Tuesday, March 25, 2008

Or We Teach Nothing

Pay close attention to yourself and to your teaching [didaskalia, doctrine] persevere in these things, for as you do this you will ensure salvation both for yourself and for those who hear you (I Tim 4:16).

Close to our heart here at The Prostrate Calvinist, as we have previously mentioned, is the conviction that our theology (i.e., "There is...") and our lives (i.e., "Therefore...") are inextricably connected. So, I found these recent comments from my pastor particularly encouraging:
The distinction between doctrinal and practical truth is artificial; doctrine is practical! In fact, nothing is more practical than sound doctrine.

The pastor who turns away from preaching sound doctrine abdicates the primary responsibility of an elder: “holding fast the faithful word which is in accordance with the teaching, that he will be able both to exhort in sound doctrine and to refute those who contradict” (Titus 1:9). We teach truth, we teach error, or we teach nothing at all...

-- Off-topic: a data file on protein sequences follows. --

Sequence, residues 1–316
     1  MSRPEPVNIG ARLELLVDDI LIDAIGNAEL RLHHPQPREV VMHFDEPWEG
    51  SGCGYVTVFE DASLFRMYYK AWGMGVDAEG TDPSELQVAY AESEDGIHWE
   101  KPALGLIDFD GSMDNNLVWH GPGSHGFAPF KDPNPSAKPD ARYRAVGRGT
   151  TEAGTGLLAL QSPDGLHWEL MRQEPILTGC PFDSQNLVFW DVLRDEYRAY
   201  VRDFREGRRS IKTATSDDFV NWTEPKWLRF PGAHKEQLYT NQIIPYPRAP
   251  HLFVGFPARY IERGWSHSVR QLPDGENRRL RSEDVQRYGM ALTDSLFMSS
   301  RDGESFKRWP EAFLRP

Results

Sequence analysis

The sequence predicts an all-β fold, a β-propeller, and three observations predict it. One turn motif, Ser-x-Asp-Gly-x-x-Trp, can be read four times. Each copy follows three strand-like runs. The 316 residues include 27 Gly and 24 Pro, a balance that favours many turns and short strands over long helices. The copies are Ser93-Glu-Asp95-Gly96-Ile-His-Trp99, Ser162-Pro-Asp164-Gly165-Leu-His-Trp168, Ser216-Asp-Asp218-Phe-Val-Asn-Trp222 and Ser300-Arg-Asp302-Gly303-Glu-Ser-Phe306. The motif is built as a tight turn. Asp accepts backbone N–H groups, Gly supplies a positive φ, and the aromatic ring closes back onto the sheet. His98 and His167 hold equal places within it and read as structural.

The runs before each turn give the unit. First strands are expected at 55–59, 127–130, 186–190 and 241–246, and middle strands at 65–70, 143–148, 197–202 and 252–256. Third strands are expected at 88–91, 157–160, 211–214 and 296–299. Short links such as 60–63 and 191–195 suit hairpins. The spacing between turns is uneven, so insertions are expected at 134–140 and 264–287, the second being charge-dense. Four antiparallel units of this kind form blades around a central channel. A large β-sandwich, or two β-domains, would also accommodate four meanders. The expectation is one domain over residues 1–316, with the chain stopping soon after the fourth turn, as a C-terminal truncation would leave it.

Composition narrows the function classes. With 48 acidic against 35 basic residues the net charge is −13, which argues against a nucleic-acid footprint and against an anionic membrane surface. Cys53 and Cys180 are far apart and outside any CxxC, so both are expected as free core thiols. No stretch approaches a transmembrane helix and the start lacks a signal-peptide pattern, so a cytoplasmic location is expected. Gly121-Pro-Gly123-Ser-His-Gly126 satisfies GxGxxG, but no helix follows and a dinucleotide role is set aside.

We have imposed an artificial meaning on the word doctrine. We’ve made it something abstract and threatening, unrelated to daily living. That has brought about the disastrous idea that preaching and teaching are unrelated to living...

True doctrine transforms behavior as it is woven into the fabric of everyday life. But it must be understood if it is to have its impact. The real challenge of the ministry is to dispense the truth clearly and accurately. Practical application comes easily by comparison.

- John MacArthur, "Who Said Doctrine Isn't Practical?"
We teach truth, we teach error, or we teach nothing at all. Amen.

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